Speaking in an interview before the General Elections this year, Indian National Congress president Rahul Gandhi had equated digital data in India to oil and petrol riches of the Gulf. “What oil is to Saudi Arabia, data is to India and Indian healthcare data will shape global healthcare.”
Even though this insightful comment did not bring Gandhi much success in the election campaign, there is certainly more truth to it than many in India might have realised.
Currently, healthcare data in India is largely unstructured and available in a multitude of regional languages. With only 5% of healthcare data being collected in the country, an Asean Chambers of Commerce and Business Meet suggested this February that the government start collecting and structuring medical data from hospitals across the country in order to better treat illnesses.
Further, the impact of structuring and organising healthcare data can be seen in online consultations in the western markets, wherein the doctor gets remote access to patient’s history and profile, in order to support their diagnosis.
But inadequate and unorganised healthcare data is not the only challenge faced by the country’s healthcare system, high cost of quality healthcare, inefficient processes, and lack of doctors in remote regions of the country also proves to be a death blow to many each year. In India, the doctor to patient ratio in the allopathy sector stands at 1:1596 (far lower than the 1:1400 WHO standard) and the country is ranked 145 among 195 countries on the healthcare index.
Tapping the urgent need for improved healthcare data and quality access to doctors, telemedicine startups have sprouted in many cities in India. Practo, mfine, Lybrate, DocsApp and others help bridge the access gap in healthcare. One of the new entrants in the field is an InfoEdge and WaterBridge-backed MedCords.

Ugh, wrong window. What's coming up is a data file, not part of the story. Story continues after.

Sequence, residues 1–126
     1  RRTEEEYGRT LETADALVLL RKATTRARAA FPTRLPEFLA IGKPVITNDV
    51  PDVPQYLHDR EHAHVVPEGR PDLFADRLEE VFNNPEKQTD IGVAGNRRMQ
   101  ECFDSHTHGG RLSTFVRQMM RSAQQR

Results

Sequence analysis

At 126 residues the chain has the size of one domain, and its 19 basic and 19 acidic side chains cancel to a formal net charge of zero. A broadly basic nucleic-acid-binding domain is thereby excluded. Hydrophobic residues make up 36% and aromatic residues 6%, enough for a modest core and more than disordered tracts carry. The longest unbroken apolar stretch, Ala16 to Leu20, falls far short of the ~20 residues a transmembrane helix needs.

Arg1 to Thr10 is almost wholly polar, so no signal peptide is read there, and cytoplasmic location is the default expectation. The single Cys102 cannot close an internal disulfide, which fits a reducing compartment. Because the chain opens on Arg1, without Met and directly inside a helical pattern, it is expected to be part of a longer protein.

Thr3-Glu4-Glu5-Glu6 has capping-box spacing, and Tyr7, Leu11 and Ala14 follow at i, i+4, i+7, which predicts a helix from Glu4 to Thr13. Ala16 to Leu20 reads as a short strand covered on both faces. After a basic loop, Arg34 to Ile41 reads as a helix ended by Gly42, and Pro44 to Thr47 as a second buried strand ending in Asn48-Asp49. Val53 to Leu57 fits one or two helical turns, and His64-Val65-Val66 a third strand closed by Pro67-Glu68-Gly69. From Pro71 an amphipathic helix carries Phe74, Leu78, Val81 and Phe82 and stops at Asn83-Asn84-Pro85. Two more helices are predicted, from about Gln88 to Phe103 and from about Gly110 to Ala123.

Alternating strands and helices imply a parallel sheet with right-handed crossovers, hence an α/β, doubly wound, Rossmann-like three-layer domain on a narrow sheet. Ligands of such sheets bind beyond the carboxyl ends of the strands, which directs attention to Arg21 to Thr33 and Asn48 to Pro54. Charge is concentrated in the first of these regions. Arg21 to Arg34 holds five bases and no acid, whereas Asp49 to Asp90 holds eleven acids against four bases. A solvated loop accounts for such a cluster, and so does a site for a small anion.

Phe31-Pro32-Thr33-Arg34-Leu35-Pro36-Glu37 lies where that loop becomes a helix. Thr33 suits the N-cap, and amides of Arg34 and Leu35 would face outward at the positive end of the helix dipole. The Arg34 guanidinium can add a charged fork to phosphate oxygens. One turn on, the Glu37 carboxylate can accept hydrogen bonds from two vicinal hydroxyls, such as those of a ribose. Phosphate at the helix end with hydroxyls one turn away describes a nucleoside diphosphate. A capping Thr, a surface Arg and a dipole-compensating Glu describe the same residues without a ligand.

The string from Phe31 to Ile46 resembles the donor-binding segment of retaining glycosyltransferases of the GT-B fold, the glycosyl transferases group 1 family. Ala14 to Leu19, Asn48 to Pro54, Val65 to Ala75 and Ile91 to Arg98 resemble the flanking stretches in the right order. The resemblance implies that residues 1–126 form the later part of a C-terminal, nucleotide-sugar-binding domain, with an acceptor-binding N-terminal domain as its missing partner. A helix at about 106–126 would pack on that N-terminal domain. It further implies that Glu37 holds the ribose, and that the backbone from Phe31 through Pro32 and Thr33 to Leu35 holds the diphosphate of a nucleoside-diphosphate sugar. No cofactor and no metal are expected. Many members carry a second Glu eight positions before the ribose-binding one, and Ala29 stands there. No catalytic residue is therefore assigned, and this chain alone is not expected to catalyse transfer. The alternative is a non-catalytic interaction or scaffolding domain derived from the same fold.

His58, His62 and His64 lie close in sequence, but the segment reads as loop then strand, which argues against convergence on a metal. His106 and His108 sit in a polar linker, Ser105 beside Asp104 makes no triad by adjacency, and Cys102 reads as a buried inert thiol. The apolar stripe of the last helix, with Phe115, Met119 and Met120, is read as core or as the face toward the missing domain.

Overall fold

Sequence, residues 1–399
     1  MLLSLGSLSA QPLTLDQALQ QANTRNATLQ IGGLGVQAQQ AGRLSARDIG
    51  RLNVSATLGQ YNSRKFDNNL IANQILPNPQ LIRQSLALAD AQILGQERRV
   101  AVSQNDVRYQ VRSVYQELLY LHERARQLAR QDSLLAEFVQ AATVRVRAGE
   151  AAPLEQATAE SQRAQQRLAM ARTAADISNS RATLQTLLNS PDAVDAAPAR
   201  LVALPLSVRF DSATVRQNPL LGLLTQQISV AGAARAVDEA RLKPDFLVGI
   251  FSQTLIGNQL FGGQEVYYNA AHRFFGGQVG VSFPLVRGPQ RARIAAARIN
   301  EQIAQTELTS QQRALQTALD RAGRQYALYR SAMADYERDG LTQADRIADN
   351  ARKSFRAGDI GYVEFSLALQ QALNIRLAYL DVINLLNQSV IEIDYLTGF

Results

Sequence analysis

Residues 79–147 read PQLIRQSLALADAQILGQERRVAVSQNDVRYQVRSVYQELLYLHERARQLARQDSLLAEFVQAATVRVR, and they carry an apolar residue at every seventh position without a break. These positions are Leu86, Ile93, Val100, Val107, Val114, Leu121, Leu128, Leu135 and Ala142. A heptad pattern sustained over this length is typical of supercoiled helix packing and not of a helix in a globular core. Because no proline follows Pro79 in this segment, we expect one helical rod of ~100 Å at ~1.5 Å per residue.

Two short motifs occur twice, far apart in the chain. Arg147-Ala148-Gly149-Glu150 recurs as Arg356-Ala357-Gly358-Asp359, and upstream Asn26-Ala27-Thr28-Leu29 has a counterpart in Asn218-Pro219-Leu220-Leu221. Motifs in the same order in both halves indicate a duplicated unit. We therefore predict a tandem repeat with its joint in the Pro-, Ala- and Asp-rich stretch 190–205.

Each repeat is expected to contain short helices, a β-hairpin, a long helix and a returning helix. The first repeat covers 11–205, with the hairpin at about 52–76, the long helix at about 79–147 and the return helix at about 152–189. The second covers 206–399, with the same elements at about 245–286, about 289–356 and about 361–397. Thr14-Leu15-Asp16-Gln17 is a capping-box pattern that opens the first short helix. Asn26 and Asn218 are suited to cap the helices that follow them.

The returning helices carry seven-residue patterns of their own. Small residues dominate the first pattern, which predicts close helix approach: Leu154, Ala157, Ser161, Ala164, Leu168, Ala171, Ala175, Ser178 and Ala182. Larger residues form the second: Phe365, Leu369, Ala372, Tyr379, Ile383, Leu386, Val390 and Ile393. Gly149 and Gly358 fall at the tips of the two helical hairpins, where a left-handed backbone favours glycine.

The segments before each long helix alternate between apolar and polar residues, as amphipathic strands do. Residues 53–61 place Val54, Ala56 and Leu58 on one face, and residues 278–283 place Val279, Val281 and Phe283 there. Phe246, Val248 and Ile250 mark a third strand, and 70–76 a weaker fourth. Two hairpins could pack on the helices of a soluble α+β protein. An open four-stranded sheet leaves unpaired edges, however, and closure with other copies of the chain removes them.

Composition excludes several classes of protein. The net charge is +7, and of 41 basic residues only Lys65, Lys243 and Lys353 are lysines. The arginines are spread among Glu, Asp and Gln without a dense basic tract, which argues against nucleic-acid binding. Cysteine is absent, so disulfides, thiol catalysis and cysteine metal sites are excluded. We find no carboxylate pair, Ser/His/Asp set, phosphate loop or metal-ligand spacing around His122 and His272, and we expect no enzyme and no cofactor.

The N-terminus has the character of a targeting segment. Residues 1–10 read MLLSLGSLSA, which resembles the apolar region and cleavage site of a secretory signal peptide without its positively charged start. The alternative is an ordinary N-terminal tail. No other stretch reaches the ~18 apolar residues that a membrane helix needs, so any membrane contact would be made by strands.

Pune-based MedCords is a telemedicine startup with a particular focus on rural India. The company differentiates itself in the crowded telemedicine space through its unique approach of partnering with local pharmacies (or Sehat Sathis) to onboard patients and thereby leveraging their patients directory to onboard doctors.
The Sehat Sathis acts as touchpoints for patients to digitally manage their medical records, and access comprehensive virtual doctor consultations through smartphones or a telephone helpline. The health records collected at these points also enable MedCords to deliver healthcare insights using data science.
MedCords was founded by Shreyans Mehta, Nikhil Baheti, and Salda Dhanavath in 2016. The company claims to have reached users in 2.5K villages with online health profiles managing medical records for over 1.1 Mn patients, and have signed up over 1K doctors to its platform. At present, the company is operational in six districts of Rajasthan including Kota, Bundi, Baran, Jhalwar, Bhilwara and Tonk.
Commenting on the number of repeat customers, Mehta said, “On Medcords every one on three patients is a repeat patient. That is 33% repeat rate. For example, Medcords through its network served 229K patients in August, out which 85K were repeat users, while 144K were new.”
The revenue model for MedCords is based on customer payments made for doctor consultations, which is currently priced at INR 99 per consultation. However, this fee varies for a follow-up doctor consultation based on the fee specified by the doctor along with an additional 10% charge levied by the company. The digitisation of medical records is currently offered as a free service. However, the company does have plans to charge patients for this in the future.